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Ukraine’s No to NATO reexamined: Not seeing the forest for the trees

Jakub Kulhánek Jakub Kulhánek / Ed. 15. 2. 2016

With the passage of the law on the fundamental principles of domestic and foreign policy on June 3, the Ukrainian parliament put a poignant end to the country’s long odyssey of seeking NATO membership.

The decision has immediately become a subject of an immense controversy both at home and abroad. Interestingly enough, the slow and tedious process of integration into NATO is quite illustrative of Ukraine’s own sense of grave geopolitical predicament underlined by deeply-rooted ethnic and linguistic divisions.

The country’s halfhearted bid to join the Alliance has been driven by a number of disparate foreign and security policy considerations on the one hand and domestic political infightings on the other hand. When in 2002 then Ukrainian President Leonid Kuchma formally applied for NATO membership, the move was widely seen as the president’s cynical attempt to sugarcoat his image of a corrupt leader in the eyes of the West who had grown increasingly fed up of the vagaries of the Ukrainian politics. In the aftermath of the Orange Revolution, the quest for NATO membership, however distant they might be, became a pet cause for the new government and its supports. No one seemed to be a more ardent supporter of Ukraine’s membership aspirations than Yanukovich’s predecessor Viktor Yushchenko who saw NATO as a potential bulwark against Russia and its sinister designs on country’s territorial integrity. In spite of meager public support, Yushchenko became heavily invested in promoting close ties with the Alliance, which some say in part helped unravel his presidency. In the run up to the 2010 presidential election, Victor Yanukovich promised to change course on NATO integration as part of his drive to improve Russo-Ukrainian relations battered by endless feuds ranging between Moscow and Kiev in the previous years.

What drove Yanukovich to foreswear NATO integration? First, stained by the Soviet Cold War propaganda NATO remains deeply unpopular in Ukraine, therefore Yanukovich could have hardly risked damaging his political fortunes by scraping the former government’s pro-NATO policy. Although the opposition has wasted no time to accuse Yanukovich of being a Russian stooge, the reversal of NATO policy is unlikely to mobilize the anti-Yanukovich camp in any significant way in the long term. The fact remains that even former prime minister and Yanukovich’s main rival Yulia Tymoshenko stayed clear of overtly throwing her weight behind her country’s NATO bid during the last presidential campaign, for instance. Second, Yanukovich’s decision has far more important foreign policy implications. At little cost to himself, Yanukovich removed one of the thorniest issues in Russo-Ukrainian relations, whereby currying favor with Moscow. This was of course part of a broader deal with Moscow, which also included the extension of the lease on naval facilities in Crimea allowing the Russian Black Sea fleet to cling on to its base beyond 2017. In return, Moscow agreed to lower gas prices, whereby cushioning the impact of the economic crises for the Ukrainians.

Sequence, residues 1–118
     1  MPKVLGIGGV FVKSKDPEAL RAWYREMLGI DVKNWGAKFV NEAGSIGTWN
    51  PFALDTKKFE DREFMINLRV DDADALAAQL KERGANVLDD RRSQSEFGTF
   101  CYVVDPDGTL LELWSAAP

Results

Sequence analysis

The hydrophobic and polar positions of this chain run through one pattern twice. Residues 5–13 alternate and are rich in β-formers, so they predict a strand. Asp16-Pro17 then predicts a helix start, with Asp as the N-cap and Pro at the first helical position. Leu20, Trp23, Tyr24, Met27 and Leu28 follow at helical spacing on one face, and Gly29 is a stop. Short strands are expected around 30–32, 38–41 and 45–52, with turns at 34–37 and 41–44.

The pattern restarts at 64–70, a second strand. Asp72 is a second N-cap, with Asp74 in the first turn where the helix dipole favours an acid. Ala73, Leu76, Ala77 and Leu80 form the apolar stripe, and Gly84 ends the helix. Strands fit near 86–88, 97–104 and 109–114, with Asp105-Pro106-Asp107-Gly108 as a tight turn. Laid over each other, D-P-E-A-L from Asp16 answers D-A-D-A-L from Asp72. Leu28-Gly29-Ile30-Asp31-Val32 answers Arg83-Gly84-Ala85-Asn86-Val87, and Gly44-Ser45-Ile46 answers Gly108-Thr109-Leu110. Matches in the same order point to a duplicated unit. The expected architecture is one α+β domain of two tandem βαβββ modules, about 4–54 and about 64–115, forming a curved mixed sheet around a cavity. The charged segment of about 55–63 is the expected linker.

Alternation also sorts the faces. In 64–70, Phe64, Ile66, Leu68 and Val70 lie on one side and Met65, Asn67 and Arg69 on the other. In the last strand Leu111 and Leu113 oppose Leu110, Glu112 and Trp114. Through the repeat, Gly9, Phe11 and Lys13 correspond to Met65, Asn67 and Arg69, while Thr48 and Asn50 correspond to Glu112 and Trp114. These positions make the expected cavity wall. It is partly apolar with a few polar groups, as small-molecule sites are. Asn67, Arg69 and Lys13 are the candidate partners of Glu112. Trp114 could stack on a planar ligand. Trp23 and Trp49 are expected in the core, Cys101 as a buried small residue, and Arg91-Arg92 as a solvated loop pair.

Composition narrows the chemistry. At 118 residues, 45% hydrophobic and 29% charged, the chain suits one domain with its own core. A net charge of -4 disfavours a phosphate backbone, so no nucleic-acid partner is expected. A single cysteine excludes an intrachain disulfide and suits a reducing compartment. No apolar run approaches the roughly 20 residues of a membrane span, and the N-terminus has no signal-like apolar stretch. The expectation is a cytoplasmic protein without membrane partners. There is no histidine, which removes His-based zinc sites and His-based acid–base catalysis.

The June legislation can hardly be described as revolutionary. Nevertheless, outside of Ukraine and especially in the West, the recently passed bill has fallen prey to misinterpretations usually cast in terms of the epical struggle between the seemingly pro-Western camp led by Yulia Tymoshenko and the remnants of the Orange coalition pitted against pro-Moscow President Yanukovich and his Party of the Regions.

Assuming the worst, Kiev’s No to NATO has been seen as nothing short of the complete loss of Ukraine to Russia. Yet, the current debate in the Western policy circles and media obscures the fact how unrealistic it was to hope for a major breakthrough in Ukraine’s integration in the first place.